A well-deserved effort has been made to promote the awareness and prevention of breast cancer. Thanks to the efforts of a variety of educational programs, women have become much more adept than they were a decade ago about early detection and preventive measures in regard to breast cancer. But many don’t realize that for men there’s an equally prevalent form of cancer that needs attention. Did you know that prostate cancer is the second leading cause of cancer-related death for men in the United States? Do you or the men in your life understand how to lower the risk of prostate disease and increase overall prostate health?
Symptoms and Proactive Steps You Can Take
Often, prostate cancer generates no noticeable symptoms. At other times, its symptoms are similar to those of benign prostatic hyperplasia (enlarged prostate) or prostatitis. These symptoms include:
- Frequent urination.
- Slow start urination or difficulty emptying the bladder.
- Aches in the groin area sometimes accompanied by flu-like symptoms.
- Bone pain particularly in the pelvic area.
If you or someone you love is experiencing these symptoms, a visit to your healthcare provider is in order. It may turn out to be something more easily managed such as aged-related prostate enlargement or an infection, but treating these types of symptoms is an important form of prevention against prostate cancer. Particularly for men over 40, regular, annual check-ups with their healthcare provider are an important step in prevention, since prostate cancer is typically slow growing and much more easily treated when discovered in its earlier stages.
Do you Know the Risk Factors?
The primary risk factor for prostate cancer is age, since men under 40 rarely manifest the disease. That being said, there are a variety of environmental and lifestyle factors that even young men should consider. For example, known risk factors include:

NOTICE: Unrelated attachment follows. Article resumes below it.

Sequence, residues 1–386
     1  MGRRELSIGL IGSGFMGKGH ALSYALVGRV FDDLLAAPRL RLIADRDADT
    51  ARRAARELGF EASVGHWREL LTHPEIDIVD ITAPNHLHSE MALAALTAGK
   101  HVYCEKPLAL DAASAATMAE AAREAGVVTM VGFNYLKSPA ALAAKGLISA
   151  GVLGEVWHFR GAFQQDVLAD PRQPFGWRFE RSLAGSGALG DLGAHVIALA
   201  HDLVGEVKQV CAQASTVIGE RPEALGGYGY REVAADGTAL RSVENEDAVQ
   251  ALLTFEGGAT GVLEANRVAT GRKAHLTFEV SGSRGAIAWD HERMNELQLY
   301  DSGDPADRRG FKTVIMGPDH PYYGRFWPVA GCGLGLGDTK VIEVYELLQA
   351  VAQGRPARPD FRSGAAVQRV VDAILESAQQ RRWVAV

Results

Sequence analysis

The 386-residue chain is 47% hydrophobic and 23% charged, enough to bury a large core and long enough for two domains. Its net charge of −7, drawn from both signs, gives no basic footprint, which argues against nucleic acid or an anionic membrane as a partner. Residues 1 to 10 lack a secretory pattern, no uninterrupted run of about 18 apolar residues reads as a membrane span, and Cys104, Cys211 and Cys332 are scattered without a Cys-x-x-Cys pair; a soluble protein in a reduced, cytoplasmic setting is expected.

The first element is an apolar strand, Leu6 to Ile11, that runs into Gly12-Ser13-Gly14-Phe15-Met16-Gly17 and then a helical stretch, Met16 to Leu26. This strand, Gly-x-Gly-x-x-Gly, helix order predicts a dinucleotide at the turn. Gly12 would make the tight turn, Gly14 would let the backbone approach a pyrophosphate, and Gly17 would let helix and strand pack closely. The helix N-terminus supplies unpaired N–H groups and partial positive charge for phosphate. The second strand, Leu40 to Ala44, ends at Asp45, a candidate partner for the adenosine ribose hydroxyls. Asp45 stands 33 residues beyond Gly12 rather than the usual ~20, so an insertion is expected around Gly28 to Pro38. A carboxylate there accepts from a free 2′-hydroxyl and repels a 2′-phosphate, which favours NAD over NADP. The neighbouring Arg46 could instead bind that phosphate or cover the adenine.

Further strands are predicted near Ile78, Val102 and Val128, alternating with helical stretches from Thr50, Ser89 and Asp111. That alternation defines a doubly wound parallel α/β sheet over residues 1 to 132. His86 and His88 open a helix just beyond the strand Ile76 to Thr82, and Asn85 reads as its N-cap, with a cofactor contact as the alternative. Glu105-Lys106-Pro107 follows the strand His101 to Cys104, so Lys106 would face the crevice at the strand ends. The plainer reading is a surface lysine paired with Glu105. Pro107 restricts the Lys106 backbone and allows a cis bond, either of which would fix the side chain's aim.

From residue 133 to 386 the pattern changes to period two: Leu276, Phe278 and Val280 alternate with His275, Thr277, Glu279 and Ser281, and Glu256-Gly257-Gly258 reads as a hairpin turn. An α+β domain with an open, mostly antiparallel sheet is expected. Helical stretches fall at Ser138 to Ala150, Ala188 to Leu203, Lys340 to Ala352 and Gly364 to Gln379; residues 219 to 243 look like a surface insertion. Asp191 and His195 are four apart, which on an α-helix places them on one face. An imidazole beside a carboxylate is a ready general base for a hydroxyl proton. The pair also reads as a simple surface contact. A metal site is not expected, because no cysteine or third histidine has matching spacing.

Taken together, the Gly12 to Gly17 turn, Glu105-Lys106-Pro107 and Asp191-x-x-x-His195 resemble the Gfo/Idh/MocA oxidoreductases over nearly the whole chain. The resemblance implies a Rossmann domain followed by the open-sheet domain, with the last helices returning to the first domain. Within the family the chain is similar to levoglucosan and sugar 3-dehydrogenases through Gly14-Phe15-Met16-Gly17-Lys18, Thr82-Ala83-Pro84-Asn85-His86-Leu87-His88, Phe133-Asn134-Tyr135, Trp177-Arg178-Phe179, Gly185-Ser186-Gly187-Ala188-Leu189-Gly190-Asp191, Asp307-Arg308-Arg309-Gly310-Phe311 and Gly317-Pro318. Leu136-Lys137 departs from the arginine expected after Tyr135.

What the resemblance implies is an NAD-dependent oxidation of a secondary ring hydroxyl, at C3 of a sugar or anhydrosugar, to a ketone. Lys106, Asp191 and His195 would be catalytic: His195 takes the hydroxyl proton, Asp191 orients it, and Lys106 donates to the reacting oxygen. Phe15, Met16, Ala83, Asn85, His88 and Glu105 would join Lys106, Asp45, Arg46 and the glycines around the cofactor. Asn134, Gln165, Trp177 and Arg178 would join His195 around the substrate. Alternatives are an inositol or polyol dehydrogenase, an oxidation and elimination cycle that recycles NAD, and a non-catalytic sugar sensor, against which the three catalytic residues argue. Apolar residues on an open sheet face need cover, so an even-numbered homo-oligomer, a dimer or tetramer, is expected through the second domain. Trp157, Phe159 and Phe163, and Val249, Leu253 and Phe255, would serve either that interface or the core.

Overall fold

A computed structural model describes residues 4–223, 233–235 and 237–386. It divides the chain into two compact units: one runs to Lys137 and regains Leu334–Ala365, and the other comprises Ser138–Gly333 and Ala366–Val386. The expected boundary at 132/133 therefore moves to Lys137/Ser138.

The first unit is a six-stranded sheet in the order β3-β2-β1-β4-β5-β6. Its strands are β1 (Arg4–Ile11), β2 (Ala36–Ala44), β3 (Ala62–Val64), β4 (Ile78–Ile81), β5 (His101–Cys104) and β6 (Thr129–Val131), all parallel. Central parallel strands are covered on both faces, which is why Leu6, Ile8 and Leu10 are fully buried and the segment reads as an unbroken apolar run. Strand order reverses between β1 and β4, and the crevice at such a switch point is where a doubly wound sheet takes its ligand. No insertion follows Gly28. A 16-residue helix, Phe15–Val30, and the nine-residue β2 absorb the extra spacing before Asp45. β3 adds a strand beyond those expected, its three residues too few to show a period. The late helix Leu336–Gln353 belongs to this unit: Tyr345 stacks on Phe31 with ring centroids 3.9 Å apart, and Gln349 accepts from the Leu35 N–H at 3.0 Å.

- Alcohol Use. Men whose consumption of alcohol is heavier are at greater risk.
- Environmental Exposure. Men, like farmers, painters, tire plant workers, and military personnel who are exposed to chemicals such as agent orange, cadmium and other toxic agents incur a great risk.
- Diet. Men who eat a diet high in fat, especially animal fat are at greater risk.
- Genetics. Men who have a family history of prostate cancer are at risk, as well as African American men, who have a higher overall risk of all types of cancer.
Do Diet and Supplements Help?
While there is, not surprisingly, disagreement as to the value of certain preventive steps, many healthcare professionals stress the importance of a variety of simple, but potentially effective steps, including:
- Staying well-hydrated.
- Maximizing fruits and vegetables in your diet.
- Eating fish several times a week.
- Considering a wheat-free diet.
- Using probiotics.
- Choosing plant proteins over animal proteins more regularly.
- Consuming green tea.
- Taking supportive supplements such as Saw Palmetto, Beta Sistosterol, Zinc, Vitamin D3, and the new, in demand Pomi-T plant phytonutrient supplement.
While many of us have heard of the Susan G. Komen Foundation for the prevention of breast cancer, did you know there was also a foundation for the prevention of prostate cancer? For more information about prostatitis, prostate cancer, and overall prostate health, check out the detailed facts and helpful tips at the Prostate Cancer Foundation page. As is so often the case, an ounce of prevention is worth a pound of cure.